In addition, bile is also a vehicle for helping the body rid itself of bilirubin, which is created from the breakdown of old/worn out red blood cells. Bilirubin is a brownish/orange/yellowish substance and helps give our stool its brown color. So, if the gallbladder isn’t releasing bile properly (which contains bilirubin) the stool will become a light color (like clay), the sclera of the eyes could turn orange/yellow along with the skin (jaundice), and the urine will turn dark in color. This is because the bilirubin has leaked into the skin and urine rather than exiting the body in the stool.
How the gallbladder deals with bile?
The gallbladder squirts bile into the duodenum (a part of the small intestines). This happens when chyme (a thick semi-pulpy liquid that contains gastric juices and half-way digested food created by the stomach) enters into the duodenum which stimulates the gallbladder to contract. When this occurs, bile travels down the cystic duct and into the common bile duct and then into the duodenum. Bile will then fulfill its role with helping digest fats and help the bilirubin leave the body via stool.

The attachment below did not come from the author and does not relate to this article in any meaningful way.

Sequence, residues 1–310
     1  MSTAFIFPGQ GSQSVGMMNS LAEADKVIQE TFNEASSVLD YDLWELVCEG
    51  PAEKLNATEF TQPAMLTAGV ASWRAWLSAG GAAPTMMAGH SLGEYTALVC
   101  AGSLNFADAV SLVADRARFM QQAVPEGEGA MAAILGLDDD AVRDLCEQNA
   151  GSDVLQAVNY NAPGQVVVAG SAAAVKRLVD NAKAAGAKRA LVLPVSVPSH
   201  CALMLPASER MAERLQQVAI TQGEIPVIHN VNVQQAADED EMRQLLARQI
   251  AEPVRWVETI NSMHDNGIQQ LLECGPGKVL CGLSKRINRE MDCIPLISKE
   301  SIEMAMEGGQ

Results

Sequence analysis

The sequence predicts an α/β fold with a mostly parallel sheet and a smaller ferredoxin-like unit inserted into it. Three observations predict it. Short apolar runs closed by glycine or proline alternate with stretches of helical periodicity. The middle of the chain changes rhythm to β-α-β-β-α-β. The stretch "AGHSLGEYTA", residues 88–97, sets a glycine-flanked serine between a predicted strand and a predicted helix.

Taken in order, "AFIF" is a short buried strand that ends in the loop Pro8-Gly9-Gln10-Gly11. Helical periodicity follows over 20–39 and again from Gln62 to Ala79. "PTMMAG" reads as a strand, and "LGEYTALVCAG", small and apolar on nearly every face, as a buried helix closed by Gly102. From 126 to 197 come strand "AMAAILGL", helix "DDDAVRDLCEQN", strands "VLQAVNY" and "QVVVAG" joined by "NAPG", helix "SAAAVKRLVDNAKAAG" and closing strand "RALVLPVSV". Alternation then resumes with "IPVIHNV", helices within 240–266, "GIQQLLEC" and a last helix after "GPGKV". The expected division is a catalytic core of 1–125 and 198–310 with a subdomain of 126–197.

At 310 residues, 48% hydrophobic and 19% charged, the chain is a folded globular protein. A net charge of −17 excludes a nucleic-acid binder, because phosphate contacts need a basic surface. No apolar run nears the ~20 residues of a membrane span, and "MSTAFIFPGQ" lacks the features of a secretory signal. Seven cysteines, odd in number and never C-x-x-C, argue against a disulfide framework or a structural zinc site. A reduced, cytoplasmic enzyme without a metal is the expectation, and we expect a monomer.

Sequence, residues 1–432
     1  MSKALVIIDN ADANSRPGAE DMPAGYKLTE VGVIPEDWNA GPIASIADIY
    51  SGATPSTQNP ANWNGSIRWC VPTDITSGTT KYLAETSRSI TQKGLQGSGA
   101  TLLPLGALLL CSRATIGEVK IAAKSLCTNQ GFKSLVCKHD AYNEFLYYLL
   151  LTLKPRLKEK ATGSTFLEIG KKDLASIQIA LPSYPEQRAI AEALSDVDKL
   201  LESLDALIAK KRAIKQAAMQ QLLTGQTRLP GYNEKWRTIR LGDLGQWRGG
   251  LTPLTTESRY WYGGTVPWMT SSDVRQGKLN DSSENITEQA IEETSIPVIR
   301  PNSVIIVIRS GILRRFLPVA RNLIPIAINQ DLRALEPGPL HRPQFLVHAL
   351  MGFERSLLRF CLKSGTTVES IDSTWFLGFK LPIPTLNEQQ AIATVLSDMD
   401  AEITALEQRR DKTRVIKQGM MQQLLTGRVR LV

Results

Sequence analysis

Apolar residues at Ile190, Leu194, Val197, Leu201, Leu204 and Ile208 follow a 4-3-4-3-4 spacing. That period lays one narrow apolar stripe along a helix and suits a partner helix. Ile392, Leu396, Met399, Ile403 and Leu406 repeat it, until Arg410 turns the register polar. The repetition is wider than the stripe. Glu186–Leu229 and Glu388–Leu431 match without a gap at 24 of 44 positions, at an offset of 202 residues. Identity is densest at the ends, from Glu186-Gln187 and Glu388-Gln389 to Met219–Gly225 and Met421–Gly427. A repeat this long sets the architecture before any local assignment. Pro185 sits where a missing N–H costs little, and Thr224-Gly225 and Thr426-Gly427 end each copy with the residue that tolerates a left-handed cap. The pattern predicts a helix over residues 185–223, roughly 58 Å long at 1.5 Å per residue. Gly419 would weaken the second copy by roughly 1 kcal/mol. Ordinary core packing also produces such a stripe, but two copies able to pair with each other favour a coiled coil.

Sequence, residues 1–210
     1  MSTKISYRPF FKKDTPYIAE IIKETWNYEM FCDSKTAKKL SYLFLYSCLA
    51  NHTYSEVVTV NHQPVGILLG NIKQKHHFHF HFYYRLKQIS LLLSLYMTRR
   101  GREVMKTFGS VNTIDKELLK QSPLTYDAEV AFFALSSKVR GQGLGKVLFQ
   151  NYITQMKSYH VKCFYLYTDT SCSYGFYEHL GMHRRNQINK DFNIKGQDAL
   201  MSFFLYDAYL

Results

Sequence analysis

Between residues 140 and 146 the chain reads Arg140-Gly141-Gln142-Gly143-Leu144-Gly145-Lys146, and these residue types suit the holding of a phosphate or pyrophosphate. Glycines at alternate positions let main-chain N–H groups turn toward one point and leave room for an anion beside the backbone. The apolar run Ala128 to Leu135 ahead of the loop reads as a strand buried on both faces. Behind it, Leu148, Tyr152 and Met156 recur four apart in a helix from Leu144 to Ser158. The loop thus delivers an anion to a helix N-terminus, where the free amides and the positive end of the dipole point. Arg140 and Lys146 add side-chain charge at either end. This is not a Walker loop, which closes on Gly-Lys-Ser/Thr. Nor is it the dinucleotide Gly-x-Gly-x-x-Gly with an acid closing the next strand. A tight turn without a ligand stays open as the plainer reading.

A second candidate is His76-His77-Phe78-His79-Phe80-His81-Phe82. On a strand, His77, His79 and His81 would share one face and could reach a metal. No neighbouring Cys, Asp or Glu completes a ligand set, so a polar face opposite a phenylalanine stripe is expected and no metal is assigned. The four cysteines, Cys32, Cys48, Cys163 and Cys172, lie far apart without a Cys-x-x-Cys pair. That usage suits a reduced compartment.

Unfortunately, this process will become messed up when the gallbladder becomes inflamed and the gallbladder won’t be able to drain bile properly. Instead the bile will become thick and this will increase wall pressure within the gallbladder and lead to inflammation.
The inflammation can become so severe it can cause inflammation of the liver (hepatitis), pancreas (pancreatitis), sepsis, or perforate.
Causes of Cholecystitis